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Together for peace—the UN summit in Bangkok
Author:Wang Zhuo  Date:2019-03-22  Clicks:

It’s better to light a candle than to curse the darkness. Sometimes we regard peace promotion as unreachable, but in fact, we have incredible things to offer to everybody. —Kya Kim, the initiator of the Peace Mask Project.


The emcee

What is Peace? Peace happens when people from all around the world come together to resolve their differences. Peace is the cessation of war and violence. Peace encompasses love, understanding, tolerance and harmony across people of all races. 

From November 27th to December 1st, WHU student delegation went to Bangkok, Thailand to attend the UN Peace Summit, where they were given lectures about peace. The speakers include a US marine, an Afghanistan Survivor of the Taliban Rule, an artist who is the director of Peace Mask Project in Japan. Also, the students faced up to a peace-building challenge together and had a Parallel Session. They gained not only peace-building theories but also practical experience of peace negotiation. “Listening to the words of wisdom from passionate speakers can bolster our desire to advance peace across the world in a variety of ways,” said by one of the students.


WHU delegation

Ponheary Ly, one of the speakers, shared her story. She has survived a genocide. Her family came apart during the Khmer Rouge regime. When her father was killed, along with 13 other family members, her family was left with nothing. To study at school was her desire, however, she couldn’t. Therefore, she learned to read and write by self-study, and when she grew up, she wanted to revitalize her motherland.


Delegate raising a question to Ponheary

When asked about the way to revive her country, education was Ponheary’s answer. She became a teacher in 1983, struggling to get by on her government salary. With her meagre earnings, she worked with other teachers to open libraries, and she offered free instruction to children whose family couldn’t afford the school tuition. She also established her own foundation to help thousands of children in rural areas in Cambodia go to school.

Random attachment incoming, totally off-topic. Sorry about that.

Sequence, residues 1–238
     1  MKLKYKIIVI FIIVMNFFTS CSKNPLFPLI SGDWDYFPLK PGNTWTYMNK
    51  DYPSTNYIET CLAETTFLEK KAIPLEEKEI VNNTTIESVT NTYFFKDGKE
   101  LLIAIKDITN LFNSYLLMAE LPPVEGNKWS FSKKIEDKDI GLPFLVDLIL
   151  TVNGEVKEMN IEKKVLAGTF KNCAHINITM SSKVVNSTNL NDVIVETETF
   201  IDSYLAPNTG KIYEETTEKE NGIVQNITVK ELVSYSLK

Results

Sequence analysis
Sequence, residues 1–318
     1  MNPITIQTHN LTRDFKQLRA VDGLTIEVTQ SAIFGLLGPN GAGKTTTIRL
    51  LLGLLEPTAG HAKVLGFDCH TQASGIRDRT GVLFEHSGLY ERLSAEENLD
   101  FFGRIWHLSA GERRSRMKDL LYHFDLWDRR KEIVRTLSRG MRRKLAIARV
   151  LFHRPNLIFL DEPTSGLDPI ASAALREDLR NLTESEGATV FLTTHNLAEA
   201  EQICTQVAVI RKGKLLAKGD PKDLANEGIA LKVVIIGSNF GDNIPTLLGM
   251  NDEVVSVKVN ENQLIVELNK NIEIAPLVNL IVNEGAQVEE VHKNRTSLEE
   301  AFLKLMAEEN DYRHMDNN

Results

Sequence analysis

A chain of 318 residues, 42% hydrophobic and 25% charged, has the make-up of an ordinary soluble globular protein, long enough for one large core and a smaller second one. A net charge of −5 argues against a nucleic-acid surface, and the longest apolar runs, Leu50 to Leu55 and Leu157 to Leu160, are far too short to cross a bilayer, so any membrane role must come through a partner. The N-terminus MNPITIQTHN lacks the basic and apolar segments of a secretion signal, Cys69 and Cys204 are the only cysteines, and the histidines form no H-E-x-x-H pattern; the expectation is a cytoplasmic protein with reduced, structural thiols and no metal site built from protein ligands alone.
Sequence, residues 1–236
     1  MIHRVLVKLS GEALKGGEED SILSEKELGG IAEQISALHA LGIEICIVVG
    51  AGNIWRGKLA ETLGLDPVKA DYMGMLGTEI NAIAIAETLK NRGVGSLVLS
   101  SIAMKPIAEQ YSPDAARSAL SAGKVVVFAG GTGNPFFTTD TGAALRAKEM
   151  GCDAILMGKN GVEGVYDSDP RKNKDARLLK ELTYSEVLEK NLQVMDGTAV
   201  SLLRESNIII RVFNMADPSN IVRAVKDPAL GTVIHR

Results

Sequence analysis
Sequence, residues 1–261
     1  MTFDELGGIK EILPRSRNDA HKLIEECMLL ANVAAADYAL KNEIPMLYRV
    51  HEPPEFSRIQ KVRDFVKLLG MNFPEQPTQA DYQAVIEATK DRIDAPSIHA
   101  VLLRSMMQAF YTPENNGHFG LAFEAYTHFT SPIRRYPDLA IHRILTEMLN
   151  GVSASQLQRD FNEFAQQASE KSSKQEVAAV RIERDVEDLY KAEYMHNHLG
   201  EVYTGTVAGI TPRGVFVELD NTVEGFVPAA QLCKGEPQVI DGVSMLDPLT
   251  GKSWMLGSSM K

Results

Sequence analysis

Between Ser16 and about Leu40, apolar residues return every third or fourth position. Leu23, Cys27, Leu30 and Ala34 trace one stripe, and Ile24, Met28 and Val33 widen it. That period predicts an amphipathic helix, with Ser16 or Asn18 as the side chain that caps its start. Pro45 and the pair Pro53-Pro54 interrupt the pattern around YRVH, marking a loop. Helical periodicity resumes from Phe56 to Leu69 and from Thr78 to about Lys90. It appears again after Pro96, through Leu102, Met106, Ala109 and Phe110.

Ponheary’s story is one of a survivor who has lived through the most horrific circumstances in life and yet moved on. Her words resound and tell us that it is better to light a candle than to curse the darkness.

What also impressed the audience was Kya Kim’ s idea to promote peace through art. Kya Kim is an artist, who is also the director of the Peace Mask Program. The program is mainly about making a mud mask on participants’ faces, during which the participants should close their eyes and do meditation. At the end of the process, their nostrils will also be covered with mud.


The Peace Mask made by Kya Kim

With participants lying silently in the dark, even stop breathing, the whole process seems like a temporary human death. When taken off the mask, the participants seemed to have gained a second chance of life, so they will cherish life and reflect deeply on peace and war.

When the activity was held in Japan, not only did the program touched the heart of war veterans and gave them a chance to confess their behavior in the past, it also taught young children the meaning of peace and life. 

At the end of the session, the delegates from all over the world were divided into different groups to practice peace negotiation over the topic on the distribution of resources on an island.

Peace negotiation

After the closing ceremony, WHUers explored Bangkok. They were quite impressed by the delicious food, market culture and friendly people there.

Posters in the market



There are many vintage stores selling handmade leather wallets


Seafood in Bangkok was cheap and delicious



The Peace Summit encourages every participant to embrace differences in the world and change their perspective of perceiving peace issues. It can make them have a broader horizon and help them understand the world more comprehensively.

Photo by Wang Zhuo

Edited by Wang Wei, Hu Sijia



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